There comes a time, in the life of every man living abroad, when he gets a hankering to return home.
In the case of most Italians, it comes along two or three times an hour—and it must be getting all the more often for Carlo Ancelotti.
He probably doesn't have to suffer the overcooked pasta, or the watery, overpriced espresso that his fellow countrymen often endure in the UK. Nonetheless, there is a feeling that his time in England is coming to an end.
These things almost always start off well and end up badly.
Last season, of course, he was busy singing Volare from the top of a bus as the Blues celebrated a superb double. Life was sweet. His team proved to be a crushing force on the domestic scene and looked destined to dominate for some time.
However, that has not proven to be the case.
Just as the success was not all Carletto's doing, neither is the relative failure.
His team is another year older and did not invest heavily in the summer, only to then panic in the January transfer window. The money spent on Fernando Torres is already looking like one of the worst deals of all time.
The Italian remains a fine manager but he seems to be struggling to find the right way to get the best out of the resources at his disposal.
How long will Carlo Ancelotti remain manager at Chelsea?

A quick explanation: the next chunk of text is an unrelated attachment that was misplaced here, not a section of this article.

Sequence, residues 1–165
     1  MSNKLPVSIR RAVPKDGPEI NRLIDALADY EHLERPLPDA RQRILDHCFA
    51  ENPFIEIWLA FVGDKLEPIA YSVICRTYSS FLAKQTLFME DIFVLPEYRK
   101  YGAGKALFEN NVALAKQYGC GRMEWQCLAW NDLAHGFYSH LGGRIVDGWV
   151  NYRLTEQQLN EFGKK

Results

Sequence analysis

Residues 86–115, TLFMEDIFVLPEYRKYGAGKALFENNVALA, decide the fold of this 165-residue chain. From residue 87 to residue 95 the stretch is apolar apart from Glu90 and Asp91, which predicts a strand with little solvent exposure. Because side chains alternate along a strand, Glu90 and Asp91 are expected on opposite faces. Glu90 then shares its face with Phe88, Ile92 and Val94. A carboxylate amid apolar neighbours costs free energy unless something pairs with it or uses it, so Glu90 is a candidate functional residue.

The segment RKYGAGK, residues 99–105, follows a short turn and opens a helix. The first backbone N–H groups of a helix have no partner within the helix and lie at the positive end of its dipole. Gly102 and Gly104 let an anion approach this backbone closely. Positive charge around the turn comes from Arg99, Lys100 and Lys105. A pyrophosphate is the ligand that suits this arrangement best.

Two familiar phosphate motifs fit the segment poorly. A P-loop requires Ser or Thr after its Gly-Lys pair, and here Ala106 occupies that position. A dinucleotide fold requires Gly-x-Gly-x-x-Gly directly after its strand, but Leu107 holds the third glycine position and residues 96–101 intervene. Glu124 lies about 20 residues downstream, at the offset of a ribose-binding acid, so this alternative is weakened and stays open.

Every manager claims they are under no pressure to play their most expensive signing, but that must often be untrue. Currently, the big-name Spaniard's best position really should be sitting in the stands.
All the same, it's almost certain that Roman Abramovich has begun drumming his fingers on the desk.
It seems hard to believe that patience is a quality which any Russian oligarch is blessed with in abundance. Most of them know that their position is perilous and want results immediately—in this case, it's meant a swift succession of men in charge at Stamford Bridge.
While Chelsea talk of stability, they do not actually put it into practice. How many people believe Ancelotti will be in charge at the end of next season? The form-book suggests he'll be lucky to even make it to a match next year at all.
That's why it would be best for the former Milan boss to return home to Serie A. There is a lovely little job waiting for him at Roma, a club where he remains revered.
He helped bring them a second league title back in the 1980s and can still dine out for free in restaurants run by fans of the Giallorossi.
Why should he wait to be shoved out the door like Gianfranco Zola or Roberto Di Matteo when he could go on his own terms?
It might make financial sense to hang about and be sacked, but why not follow his heart back to the banks of the Tiber? Italian football would be a better place for it.
All of which would leave Roberto Mancini as the only Italian in charge of an EPL side, and his days at Manchester City look numbered, too.
Another big-spending side which wants results immediately, they seem unlikely to keep faith with him for many matches more. After an initial love affair, the novelty quickly starts to fade.
Let's call it quits now and get our boys back home where they belong.